I don’t write about cars. I don’t really even write about gadgets. But I’m writing about the Chevy Volt electric car today. Why? Because the folks at Chevy are using influencer targeting as a method to get the word out about their car. No, I’m not succumbing to the power of a good pitch. The car is cool and there’s a fun video below featuring Robert Scoble and Guy Kawasaki that will show you some of that. I want to share the influencer outreach approach they’re using as an example of good PR and interaction with the social media space.
Cristi Landy, Volt’s product manager, told me technology bloggers and influencers were logical outreach targets for them because of the innovative technology in the Volt. The car not only features a mostly electric engine that can go up to 40 miles without using gas, complete with the pick-up, torque and handling you’re used to from a gas-powered vehicle, but is tech and gadget heavy. The car will have a smart phone app that enables you to lock, unlock, heat, cool, check charge status and more from wherever you are. For folks like Robert Scoble, Guy Kawasaki and Leo Laporte, who all write about technology and have large audiences, the outreach targeting was spot on.
What Chevy did for these influencers is invite them to test drive the car and experience the power first hand. The only thing they had to agree to was be interviewed for Chevy’s content after. There was no commitment to produce content about the car in the arrangement. Just test it, tell us what you think and you’re done. Chevy would produce all the content they wanted. Anything that Scoble, Kawasaki, Laporte or even I produced was gravy.
What Chevy did was give influencers in a relevant target an exclusive opportunity. The Volt isn’t on the market yet and not everyone can test drive one. They allowed us to take all the pictures, video and ask all the questions we wanted. There were no complex legal issues, trademark talks or even proprietary information non-disclosures. Just drive it, tell us what you think and thanks for coming. The individuals they chose are naturally going to produce content, even if it’s just a Tweet about the car. Certainly Chevy would love it if all the people they targeted blogged about their experience, but they’ll take what they get and be happy with it.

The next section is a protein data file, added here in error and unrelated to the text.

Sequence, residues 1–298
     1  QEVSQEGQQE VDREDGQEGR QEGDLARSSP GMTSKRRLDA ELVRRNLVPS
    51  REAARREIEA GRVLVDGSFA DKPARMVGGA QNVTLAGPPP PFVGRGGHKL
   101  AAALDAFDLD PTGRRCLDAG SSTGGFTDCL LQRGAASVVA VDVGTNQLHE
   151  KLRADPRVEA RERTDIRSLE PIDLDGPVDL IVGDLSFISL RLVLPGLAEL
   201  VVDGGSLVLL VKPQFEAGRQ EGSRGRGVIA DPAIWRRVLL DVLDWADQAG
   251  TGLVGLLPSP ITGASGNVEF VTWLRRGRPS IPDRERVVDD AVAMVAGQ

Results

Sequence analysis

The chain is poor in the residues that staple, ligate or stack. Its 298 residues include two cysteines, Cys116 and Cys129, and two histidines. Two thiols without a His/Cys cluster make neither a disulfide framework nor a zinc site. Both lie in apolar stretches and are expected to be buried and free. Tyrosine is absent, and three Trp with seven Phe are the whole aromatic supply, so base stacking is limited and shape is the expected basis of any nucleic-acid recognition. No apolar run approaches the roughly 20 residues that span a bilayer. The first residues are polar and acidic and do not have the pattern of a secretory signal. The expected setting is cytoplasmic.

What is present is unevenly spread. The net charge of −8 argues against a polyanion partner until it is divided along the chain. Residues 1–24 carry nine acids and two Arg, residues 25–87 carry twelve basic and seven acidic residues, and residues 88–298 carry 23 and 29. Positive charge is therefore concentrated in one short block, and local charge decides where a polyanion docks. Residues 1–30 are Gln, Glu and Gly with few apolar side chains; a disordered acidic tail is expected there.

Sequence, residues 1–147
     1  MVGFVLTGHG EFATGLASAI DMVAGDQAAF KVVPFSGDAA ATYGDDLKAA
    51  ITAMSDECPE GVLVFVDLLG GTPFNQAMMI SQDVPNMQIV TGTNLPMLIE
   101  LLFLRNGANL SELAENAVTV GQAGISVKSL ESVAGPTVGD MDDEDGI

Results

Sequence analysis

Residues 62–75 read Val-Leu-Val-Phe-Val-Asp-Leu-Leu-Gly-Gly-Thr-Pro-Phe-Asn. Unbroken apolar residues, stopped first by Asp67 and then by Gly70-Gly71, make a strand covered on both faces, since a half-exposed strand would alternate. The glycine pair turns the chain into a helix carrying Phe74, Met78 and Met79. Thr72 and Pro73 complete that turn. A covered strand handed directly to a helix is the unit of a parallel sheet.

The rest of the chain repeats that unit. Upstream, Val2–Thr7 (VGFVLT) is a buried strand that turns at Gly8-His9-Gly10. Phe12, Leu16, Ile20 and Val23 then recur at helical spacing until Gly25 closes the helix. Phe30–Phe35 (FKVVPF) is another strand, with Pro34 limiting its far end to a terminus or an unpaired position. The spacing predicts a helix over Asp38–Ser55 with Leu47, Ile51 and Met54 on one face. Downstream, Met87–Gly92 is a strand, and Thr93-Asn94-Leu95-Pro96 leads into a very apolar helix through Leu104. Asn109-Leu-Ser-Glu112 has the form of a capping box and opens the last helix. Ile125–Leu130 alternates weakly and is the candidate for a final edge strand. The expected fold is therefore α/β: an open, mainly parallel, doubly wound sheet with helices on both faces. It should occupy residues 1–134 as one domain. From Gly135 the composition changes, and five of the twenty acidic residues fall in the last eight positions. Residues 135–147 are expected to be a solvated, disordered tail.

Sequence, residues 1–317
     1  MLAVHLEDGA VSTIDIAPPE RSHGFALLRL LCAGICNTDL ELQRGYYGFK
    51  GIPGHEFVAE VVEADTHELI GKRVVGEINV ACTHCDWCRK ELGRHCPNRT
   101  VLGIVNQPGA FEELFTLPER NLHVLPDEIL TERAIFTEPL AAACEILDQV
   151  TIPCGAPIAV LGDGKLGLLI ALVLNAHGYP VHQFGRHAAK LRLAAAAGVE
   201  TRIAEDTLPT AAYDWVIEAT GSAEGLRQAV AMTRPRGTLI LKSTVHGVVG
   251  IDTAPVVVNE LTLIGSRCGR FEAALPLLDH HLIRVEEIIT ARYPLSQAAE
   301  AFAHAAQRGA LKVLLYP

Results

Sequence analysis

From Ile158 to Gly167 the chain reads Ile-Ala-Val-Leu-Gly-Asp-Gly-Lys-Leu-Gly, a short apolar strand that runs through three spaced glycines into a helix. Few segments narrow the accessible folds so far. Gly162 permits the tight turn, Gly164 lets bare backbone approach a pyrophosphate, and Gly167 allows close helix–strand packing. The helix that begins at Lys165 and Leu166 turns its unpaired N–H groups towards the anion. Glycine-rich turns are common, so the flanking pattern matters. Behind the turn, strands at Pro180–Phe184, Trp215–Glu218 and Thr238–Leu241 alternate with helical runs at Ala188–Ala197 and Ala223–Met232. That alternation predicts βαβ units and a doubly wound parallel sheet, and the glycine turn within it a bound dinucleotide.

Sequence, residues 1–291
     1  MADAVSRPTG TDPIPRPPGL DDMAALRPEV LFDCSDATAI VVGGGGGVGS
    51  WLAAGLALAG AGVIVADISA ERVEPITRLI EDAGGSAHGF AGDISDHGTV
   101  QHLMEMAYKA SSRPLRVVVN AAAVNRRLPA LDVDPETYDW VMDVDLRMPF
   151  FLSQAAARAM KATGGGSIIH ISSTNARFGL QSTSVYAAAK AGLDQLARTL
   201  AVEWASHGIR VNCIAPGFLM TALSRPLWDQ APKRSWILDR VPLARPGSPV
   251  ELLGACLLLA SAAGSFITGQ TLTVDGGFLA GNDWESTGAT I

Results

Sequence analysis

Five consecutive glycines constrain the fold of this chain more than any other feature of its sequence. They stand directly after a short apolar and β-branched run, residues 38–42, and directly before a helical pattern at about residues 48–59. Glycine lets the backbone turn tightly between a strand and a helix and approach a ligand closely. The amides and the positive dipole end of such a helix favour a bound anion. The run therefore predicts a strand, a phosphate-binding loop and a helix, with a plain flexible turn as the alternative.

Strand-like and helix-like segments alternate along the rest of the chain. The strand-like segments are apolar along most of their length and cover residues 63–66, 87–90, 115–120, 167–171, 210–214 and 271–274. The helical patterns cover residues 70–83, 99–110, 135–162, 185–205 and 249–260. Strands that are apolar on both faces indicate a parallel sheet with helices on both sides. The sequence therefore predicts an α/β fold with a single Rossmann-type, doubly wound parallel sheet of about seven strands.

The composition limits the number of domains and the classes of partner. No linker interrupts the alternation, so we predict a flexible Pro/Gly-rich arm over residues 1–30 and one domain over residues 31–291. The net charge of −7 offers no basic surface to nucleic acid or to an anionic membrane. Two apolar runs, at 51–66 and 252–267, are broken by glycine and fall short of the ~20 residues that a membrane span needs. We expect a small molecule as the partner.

Perhaps more importantly, the audiences that are inspired and excited about new technologies will get a glimpse from their favorite source for tech-related information.
The point here is to keep in mind that your brand or client may find unusually productive niches of authorship in peripheral verticals to your core. Chevy didn’t target auto bloggers with this effort. (I’m sure they did separately, but they got involved in South by Southwest for non-auto bloggers.) If you’re a spirits brand, the spirit and cocktail bloggers are your core but radiating from those on your list should be the food, night life and lifestyle bloggers.
It’s not hard to think a little outside the box from your core media list but you’d be surprised how few do it. Just a reminder that even a social media and PR blogger might find something interesting in your electric car.
Dislcosure: Chevy’s arrangements at South by Southwest included transporting me to and from the mall where the road course was set up. They also extended an unrelated dinner invitation (which I accepted) to join several other bloggers and notables from the social media space including David Meerman Scott, Peter Shankman, Valeria Maltoni, C.C. Chapman, Liz Strauss and more. Chevy bought. Otherwise, I received no payment or promise for writing this. In fact, because I don’t focus on tech specifically, the Chevy folks didn’t really expect me to write about it.
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